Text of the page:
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Ground Source Heat Pumps

By: Dr Gareth Evans - Updated: 29 Feb 2012 | comments*Discuss
 
Ground Source Heat Pumps

Although the idea of using “heat pumps” may seem a little out of the ordinary, the technology is something with which we are all very familiar – the same principle drives our fridges and air conditioning. Just as these common-place examples remove heat from where it’s not wanted, leaving cool air behind, ground source heat pumps do the same thing – only in reverse.

It could hardly be simpler or more energy efficient; by moving warmth from the ground to where it is wanted to warm our homes and buildings, this approach generates three or four units of heat for every one unit of electricity used to drive the system’s circulating pump.

How Does It Work?

Unlike geothermal energy – which makes use of hot rocks and is restricted to particular parts of the world – ground source heating can potentially be used throughout most of the UK and is particularly suitable for projects aiming for very low-carbon heating. It relies on two things; firstly, the sun’s energy heating up the soil in the first place and secondly, the fact that the resulting temperature a metre or so below the surface remains fairly constantly around 10 degrees C, even in the depths of winter.

Ground source heat pumps enable us to tap into this renewable energy source to keep our houses warm. There are three main elements to the system – a ground loop, the heat pump itself and finally a heat distribution system.

The ground loop is simply a length of pipe buried either within a vertical borehole or a horizontal trench. Trenches are usually dug between one-and-a-half to two metres below ground level and the pipe is frequently laid in a spiral – often referred to as a “slinky coil” – to maximise the size of the ground loop. Although they need more land area than boreholes, for small individual systems, they are typically the less costly option of the two.

As a broad guide, a typical three bedroom, new-build house would probably need a total trench length of around 60 metres, while a borehole system would normally need to be dug between 15 and 150 metres down into the earth. However it is arranged, the loop is a closed circuit, containing a water/antifreeze mixture, which picks up heat from the ground as this liquid is pumped around the loop.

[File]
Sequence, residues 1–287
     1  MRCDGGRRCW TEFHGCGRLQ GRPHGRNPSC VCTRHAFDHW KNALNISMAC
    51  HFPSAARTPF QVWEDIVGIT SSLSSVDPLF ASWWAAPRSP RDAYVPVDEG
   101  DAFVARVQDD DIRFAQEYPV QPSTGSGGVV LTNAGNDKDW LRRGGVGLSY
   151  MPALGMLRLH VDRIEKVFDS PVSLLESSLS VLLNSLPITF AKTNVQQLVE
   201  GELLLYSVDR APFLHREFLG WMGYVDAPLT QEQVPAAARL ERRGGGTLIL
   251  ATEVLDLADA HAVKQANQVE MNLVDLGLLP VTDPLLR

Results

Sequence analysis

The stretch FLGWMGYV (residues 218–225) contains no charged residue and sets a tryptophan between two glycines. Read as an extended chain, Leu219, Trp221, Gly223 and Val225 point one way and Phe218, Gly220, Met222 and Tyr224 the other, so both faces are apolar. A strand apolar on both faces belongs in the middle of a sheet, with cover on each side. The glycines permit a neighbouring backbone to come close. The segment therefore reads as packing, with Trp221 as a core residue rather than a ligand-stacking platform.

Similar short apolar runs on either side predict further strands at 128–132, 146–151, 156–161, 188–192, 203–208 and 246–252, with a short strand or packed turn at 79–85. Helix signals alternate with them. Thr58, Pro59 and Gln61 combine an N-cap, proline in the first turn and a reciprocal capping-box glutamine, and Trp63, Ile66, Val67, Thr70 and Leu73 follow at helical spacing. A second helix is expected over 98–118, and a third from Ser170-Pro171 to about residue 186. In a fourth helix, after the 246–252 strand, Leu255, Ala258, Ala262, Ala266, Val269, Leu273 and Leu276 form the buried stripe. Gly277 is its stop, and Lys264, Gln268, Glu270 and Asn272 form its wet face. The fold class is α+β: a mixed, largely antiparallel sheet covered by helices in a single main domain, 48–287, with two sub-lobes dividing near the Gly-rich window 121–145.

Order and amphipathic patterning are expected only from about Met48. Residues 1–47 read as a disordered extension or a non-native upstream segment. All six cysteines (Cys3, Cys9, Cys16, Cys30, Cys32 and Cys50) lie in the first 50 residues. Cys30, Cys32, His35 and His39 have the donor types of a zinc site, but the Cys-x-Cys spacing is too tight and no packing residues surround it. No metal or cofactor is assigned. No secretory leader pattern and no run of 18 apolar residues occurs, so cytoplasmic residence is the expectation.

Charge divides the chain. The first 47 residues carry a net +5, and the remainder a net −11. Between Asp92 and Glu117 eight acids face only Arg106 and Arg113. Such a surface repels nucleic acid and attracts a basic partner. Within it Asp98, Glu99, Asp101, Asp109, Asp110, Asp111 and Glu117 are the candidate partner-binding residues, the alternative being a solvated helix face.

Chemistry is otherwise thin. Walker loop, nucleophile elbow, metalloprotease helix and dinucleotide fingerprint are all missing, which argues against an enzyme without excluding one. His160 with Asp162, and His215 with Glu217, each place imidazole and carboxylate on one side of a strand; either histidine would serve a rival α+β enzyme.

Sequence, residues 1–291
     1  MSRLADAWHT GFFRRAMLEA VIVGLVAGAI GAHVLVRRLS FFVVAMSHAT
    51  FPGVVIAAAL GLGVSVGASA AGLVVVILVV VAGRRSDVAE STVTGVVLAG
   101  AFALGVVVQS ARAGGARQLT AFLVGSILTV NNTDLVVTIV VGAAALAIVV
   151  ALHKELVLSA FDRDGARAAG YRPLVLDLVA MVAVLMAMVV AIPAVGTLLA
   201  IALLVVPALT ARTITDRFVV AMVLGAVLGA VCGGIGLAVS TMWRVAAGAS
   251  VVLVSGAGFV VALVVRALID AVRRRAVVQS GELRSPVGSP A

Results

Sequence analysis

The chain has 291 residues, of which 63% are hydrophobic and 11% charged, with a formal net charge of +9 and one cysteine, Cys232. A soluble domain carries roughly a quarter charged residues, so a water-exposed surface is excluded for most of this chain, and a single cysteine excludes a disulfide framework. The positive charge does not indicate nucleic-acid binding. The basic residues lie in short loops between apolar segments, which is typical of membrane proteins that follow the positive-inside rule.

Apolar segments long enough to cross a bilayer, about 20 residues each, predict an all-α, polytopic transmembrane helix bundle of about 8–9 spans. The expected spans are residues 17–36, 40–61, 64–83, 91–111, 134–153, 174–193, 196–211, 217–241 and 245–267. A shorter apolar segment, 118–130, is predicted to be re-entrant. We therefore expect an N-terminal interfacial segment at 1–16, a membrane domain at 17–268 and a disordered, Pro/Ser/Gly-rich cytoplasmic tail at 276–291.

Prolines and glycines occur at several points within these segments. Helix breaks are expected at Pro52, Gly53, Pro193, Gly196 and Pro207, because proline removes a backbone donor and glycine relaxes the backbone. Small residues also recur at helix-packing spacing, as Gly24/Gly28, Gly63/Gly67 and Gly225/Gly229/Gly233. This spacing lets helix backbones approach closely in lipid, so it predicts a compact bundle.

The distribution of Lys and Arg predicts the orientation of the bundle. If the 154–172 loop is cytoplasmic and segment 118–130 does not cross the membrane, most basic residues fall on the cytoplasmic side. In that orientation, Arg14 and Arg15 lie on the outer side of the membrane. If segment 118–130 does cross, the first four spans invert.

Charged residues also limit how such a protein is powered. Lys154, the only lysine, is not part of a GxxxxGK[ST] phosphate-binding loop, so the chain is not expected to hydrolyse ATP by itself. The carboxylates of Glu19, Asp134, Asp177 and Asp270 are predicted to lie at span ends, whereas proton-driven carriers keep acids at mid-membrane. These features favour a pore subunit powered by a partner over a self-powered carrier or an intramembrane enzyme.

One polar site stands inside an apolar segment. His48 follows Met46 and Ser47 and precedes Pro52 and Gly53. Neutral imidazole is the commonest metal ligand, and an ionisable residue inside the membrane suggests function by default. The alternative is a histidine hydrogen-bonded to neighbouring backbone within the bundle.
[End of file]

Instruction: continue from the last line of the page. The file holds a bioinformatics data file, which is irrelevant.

The heat pumps themselves are made up of three parts – an evaporator, compressor and condenser – which are collectively responsible for first extracting the heat from the ground loop and then subsequently transferring this heat to the water tank feeding the distribution system. This usually consists of either radiators or under-floor heating; ground source heat pumps are best partnered with systems which run at lower temperatures than used in conventional radiator/boiler combinations, making them particularly suitable for under-floor arrangements

Costs and Benefits of Heat Pumps

Dependent on the type of building and its location, a typical ground source heat pump installation – excluding the cost of the distribution system – would run to around £6,000 - £12,000. This is, clearly, far more expensive that conventional heating systems, but in their favour, heat pumps have remarkably low maintenance costs and an achievable lifespan of 20 years or more in which to provide sustainable and environmentally-friendly warmth.

According to the Energy Saving Trust, compared with heating homes with electricity, the use of heat pumps could achieve annual savings of nearly £900 and avoid the release of almost seven tonnes of carbon dioxide a year per household.

One of the best bits of news, however, is that ground source heat pumps can qualify for funding, under the UK’s Low Carbon Buildings Programme from the Department of Business Enterprise and Regulatory Reform (BERR).

Phase 1 of the scheme runs until 2010, replacing the previous DTI Clear Skies and Solar PV grant programmes and is open to households, public, not-for-profit and commercial organisations. There is a second phase of this programme, which opened in April 2008, but it is open to public and not-for-profit organisations only, allowing them to apply for 50 per cent of the installation costs.

Ground source heat pumps offer a remarkably efficient way to heat buildings – which becomes even greener when coupled with either green tariff power, solar PV or other renewable generation to provide the electricity needed to drive their circulating pumps. With the chance of grant aid for their installation, low running costs and the promise of significant year-on-year savings, it’s well worth considering heat pumps for any community energy project.

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